(Hospital) room with a view

While looking for good pictures of scary hospital rooms for the last posting, I came across the image above. The caption reads: “View from Ron’s hospital room at Good News Clinic and Hospital in Banaue [Philippines].” 

Let’s see, brick wall or tropical paradise, hm, let me think about that…

Thanks to Uncommon Photographers for this image. 

Happy New Year!

Image courtesy Henry Domke Fine Art

Happy New Year, everyone! Here’s to a healthy, peaceful, and joyous 2009.

The Therapeutic Landscapes Database – International Visitors

Today I took a look at our “stat counter,” the tool that gives information about who visits the Therapeutic Landscapes Database and Blog. Of the hundred-plus hits so far today, most were from the United States, but we’ve also had visitors from Sweden, Hungary, Turkey, Russia, Israel, Nepal, Australia, and Canada. For all the griping we do about technology and the internet, it can be a pretty useful and wonderful tool, when used for good. 

Stepping out the front door

Photo by Henry Domke

The CSA (Community Supported Agriculture) farm that I belong to, Common Ground Farm, publishes a monthly newsletter by and for its members. The following excerpt, by the farm’s educational director, struck me as relevant, and served as a reminder (again) that although Evidence-Based Design (EBD) is critical in this field, it’s important to balance the academic and the quantitative with individual, qualitative experiences that come straight from the heart:

This past weekend my son and I went for a walk on the Sierra Trail [near Beacon, New York]…He wanted to find animal bones and I was looking for inspiration for one of my upcoming children’s workshops on Animals in Winter. Neither of us went home disappointed. He found the skull of a small mammal next to a decayed tree stump…and I was able to spot pine cones, acorns, all sorts of berries and a magnificent array of mushrooms which will provide sustenance to the wildlife in the woods this winter. When we returned I realized we had found a few other things too: We were both calm, content, relaxed, tired and more joyful than we were when we left the house.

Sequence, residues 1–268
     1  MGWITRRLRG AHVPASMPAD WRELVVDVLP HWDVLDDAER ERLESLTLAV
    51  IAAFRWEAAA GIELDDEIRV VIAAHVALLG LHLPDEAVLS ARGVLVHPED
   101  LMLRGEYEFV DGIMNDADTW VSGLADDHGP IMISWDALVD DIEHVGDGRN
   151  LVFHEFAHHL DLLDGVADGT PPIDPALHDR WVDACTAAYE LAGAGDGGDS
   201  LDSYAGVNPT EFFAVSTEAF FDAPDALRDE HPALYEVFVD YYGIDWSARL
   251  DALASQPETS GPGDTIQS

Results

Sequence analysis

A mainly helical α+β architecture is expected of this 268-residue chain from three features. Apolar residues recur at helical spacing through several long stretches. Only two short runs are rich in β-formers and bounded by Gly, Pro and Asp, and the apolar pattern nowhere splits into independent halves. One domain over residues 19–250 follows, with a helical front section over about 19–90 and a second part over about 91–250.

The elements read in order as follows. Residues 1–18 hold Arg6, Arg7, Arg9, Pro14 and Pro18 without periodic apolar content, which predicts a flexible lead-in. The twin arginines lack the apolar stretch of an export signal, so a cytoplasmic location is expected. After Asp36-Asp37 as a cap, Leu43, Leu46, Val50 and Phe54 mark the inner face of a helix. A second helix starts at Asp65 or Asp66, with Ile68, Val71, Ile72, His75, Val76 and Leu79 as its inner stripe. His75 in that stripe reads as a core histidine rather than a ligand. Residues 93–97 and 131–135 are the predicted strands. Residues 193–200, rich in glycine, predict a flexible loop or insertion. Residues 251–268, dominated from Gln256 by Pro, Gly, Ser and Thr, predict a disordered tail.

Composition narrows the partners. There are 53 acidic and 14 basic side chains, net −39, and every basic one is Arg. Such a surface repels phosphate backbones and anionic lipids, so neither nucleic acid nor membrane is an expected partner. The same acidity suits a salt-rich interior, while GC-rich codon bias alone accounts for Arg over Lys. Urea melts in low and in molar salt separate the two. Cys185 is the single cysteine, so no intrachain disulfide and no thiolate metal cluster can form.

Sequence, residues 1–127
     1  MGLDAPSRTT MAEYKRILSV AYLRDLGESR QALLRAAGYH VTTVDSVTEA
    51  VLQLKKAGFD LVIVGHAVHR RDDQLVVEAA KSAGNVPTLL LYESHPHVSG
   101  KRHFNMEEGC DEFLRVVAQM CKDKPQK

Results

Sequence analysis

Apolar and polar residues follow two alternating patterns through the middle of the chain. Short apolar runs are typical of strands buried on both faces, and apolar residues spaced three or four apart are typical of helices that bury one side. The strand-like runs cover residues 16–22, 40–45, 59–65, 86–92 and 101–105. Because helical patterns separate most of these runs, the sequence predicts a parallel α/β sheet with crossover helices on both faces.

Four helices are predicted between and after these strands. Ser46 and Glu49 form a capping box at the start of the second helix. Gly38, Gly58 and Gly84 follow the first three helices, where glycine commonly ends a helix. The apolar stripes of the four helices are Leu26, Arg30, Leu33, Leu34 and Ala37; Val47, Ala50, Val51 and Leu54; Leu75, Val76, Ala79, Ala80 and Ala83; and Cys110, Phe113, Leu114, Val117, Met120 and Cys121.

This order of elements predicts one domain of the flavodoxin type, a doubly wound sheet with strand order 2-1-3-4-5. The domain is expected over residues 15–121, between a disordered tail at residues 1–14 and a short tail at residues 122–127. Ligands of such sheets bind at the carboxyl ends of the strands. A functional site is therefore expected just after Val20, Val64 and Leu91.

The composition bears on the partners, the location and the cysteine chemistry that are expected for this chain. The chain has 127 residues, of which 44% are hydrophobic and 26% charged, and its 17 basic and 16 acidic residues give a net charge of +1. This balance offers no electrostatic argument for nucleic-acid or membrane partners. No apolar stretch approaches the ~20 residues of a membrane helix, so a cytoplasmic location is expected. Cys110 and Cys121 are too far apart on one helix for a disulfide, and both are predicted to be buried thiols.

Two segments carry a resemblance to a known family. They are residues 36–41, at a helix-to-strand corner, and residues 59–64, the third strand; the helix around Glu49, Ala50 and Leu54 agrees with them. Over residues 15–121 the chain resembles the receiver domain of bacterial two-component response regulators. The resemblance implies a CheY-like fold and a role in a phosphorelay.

I should know by now that the hardest part of a hike is taking that first step out the front door.

Don’t Forget to Vote on Tuesday!

I don’t usually get political on this blog, but here goes:
Tomorrow, 11/4/08, is Election Day in the United States. So get out there! Make sure your friends and family get out there, too! Call people you don’t know to remind them and help them get to the polls (phone drives are going on today and tomorrow). I’m not going to tell you who to vote for (even though part of me really wants to) because that doesn’t feel right for this blog and organization.